KB3035583 Brings Back Automatic Windows 10 Upgrades Amid Slowing Growth Rate
Remember the infamous KB3035583 “Get Windows 10” update that started automatically downloading Windows 10 on users’ computers without their permission? Ahead of the first anniversary of Windows 10, Windows 7 users are now reporting that the annoying update is back.
KB3035583, Get Windows 10 app is back!
While KB3035583 didn’t actually install Microsoft’s newest OS version, it did bother users who weren’t interested in Windows 10 when they found out heavy files, preparing their machines for a future Windows 10 update. The app was first sent out to users of Windows 7 and 8.1 systems, helping them easily upgrade to the latest operating system. It not only checked your system for compatibility, but also downloaded all the prerequisites to perform quick installation once the user gives it a go ahead. However, apart from downloading the new OS without user permission, in some “accidental” cases it also installed Windows 10 for them, for which Microsoft issued an apology.
Users then resorted to either third-party applications or system controls to hide this update. While Windows 8.1 users haven’t reported seeing KB3035583 back, the update is re-enabled for Windows 7 users. Not only has it shown up for some users, but it is also set to “Recommended Update,” which means it will automatically install the new operating system for many users who have left their PCs at default settings.
Windows 7 ASUS motherboard issue
This may have come from Microsoft after the ASUS motherboard issue: an update (KB3133977) sent to Windows 7 in March triggered an issue when it enabled Secure Boot in UEFI on all the ASUS motherboards. Since Windows 7 doesn’t support Secure Boot, users were unable to boot their Windows 7 machines. While Microsoft confirmed the issue, it didn’t release any fix for the problem. Since the KB3133977 update was “Optional,” all users had to do was nothing to steer clear of the boot issues. But, it all changed last month when suddenly Microsoft made KB3133977 a “Recommended” update. This meant that Windows 7 users found the update installing itself automatically thanks to default Windows Update settings.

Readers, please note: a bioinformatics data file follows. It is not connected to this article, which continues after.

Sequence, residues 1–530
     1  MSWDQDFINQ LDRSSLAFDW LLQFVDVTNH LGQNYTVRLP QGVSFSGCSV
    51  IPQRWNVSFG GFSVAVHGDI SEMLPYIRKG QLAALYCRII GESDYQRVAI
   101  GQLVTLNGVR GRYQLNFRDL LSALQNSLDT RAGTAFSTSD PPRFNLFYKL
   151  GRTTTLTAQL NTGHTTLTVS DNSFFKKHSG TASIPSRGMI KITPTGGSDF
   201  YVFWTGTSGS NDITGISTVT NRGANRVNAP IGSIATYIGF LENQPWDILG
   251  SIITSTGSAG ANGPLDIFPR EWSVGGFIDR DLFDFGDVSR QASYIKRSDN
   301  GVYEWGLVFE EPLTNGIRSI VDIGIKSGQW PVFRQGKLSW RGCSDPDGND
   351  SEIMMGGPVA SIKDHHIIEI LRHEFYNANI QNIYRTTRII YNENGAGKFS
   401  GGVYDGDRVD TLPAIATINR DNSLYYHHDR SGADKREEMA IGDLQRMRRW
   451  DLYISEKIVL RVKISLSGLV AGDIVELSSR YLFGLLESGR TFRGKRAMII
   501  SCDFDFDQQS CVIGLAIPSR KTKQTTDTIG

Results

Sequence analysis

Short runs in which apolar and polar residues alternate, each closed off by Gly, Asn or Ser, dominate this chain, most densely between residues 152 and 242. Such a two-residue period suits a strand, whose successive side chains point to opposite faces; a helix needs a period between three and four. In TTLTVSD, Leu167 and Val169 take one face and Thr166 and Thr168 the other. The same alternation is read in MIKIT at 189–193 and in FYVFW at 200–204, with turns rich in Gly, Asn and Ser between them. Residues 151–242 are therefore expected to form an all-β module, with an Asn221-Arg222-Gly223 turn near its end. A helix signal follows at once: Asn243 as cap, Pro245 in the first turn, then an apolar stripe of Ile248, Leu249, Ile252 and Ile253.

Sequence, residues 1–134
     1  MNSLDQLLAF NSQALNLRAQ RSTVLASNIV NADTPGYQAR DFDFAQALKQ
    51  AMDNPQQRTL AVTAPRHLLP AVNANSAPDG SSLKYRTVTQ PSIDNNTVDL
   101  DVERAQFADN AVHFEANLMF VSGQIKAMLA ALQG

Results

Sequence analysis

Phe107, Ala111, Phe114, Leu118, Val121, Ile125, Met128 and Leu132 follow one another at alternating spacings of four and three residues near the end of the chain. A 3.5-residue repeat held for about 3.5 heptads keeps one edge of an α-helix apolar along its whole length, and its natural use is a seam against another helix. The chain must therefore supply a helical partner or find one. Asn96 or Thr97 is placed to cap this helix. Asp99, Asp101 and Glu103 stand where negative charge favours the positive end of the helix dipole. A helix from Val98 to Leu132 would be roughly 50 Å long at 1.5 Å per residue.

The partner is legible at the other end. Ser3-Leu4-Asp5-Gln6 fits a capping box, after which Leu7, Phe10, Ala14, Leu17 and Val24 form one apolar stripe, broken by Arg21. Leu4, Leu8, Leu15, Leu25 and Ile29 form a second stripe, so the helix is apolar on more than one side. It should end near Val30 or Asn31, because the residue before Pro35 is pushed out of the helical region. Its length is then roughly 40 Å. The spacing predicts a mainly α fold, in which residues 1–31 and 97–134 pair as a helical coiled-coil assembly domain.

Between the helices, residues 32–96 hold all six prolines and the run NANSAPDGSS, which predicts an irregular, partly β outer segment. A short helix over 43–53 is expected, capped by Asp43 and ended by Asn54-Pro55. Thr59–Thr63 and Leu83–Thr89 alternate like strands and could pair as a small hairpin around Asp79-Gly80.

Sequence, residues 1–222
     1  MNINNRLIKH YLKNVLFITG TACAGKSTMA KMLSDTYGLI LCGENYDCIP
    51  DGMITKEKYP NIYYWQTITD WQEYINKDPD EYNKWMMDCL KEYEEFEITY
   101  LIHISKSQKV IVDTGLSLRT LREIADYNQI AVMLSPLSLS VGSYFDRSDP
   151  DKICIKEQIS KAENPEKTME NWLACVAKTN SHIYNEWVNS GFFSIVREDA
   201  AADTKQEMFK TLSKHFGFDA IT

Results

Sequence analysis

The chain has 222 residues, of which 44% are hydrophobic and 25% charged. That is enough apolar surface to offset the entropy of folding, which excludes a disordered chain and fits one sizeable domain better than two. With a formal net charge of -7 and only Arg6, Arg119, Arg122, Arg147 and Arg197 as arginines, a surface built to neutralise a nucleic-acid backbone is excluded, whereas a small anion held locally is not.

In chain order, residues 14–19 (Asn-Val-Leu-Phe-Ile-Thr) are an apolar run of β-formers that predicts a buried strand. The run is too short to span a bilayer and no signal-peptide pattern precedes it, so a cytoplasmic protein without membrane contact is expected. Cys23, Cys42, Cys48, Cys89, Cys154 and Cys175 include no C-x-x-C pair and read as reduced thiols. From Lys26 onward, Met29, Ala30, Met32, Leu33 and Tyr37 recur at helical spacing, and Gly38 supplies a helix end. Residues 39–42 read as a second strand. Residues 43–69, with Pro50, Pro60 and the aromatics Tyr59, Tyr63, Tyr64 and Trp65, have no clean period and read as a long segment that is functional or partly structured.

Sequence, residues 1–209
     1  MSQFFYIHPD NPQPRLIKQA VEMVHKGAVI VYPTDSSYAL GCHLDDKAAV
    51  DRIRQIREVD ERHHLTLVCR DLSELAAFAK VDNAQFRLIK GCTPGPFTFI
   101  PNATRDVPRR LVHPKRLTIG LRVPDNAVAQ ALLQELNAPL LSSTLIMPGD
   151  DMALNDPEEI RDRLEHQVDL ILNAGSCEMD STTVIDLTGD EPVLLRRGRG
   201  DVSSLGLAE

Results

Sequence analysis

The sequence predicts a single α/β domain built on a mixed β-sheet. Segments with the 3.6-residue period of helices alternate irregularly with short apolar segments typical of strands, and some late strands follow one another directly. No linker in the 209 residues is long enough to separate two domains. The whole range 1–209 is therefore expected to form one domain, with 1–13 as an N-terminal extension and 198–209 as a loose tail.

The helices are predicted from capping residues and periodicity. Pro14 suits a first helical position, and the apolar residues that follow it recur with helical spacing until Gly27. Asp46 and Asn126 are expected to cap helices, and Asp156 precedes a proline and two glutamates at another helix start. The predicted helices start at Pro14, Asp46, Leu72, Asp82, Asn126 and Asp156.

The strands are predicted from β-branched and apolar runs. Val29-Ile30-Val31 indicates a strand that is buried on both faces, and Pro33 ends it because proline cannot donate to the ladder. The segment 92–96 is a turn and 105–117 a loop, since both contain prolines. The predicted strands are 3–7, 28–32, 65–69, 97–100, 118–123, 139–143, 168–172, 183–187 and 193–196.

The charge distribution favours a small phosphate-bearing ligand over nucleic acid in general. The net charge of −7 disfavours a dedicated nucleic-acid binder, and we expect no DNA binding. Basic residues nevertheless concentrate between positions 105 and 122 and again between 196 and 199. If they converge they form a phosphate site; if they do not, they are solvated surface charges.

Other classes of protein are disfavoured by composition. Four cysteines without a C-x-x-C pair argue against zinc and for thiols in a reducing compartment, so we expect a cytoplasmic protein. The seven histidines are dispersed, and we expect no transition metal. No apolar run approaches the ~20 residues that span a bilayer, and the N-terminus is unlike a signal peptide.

ASUS issued a workaround and Microsoft updated the support document warning users that after installation of “3133977 on a Windows 7 x64-based system that includes an Asus-based main board, the system does not start.” Microsoft didn’t issue a new patch to make sure that users don’t get into this problem, nor has the company changed the status from Recommended to Optional. What the company did, however, was to take this opportunity to promote Windows 10 upgrades.
After these promotions, the company has now apparently re-enabled the Get Windows 10 “KB3035583” update, pushing users to update to Windows 10 unless they want to run into more such issues, mainly thanks to Microsoft itself. The company had set a goal of reaching over 1 billion devices in the span of next two years. With the Windows 10 growth rate slowing down, Redmond is going back to the nagging marketing strategies to get the numbers up no matter how frustrating it is for users who want to take their time before moving to the new OS. Still haven’t upgraded to Windows 10? You are going to find Windows 7 a little more annoying from now on.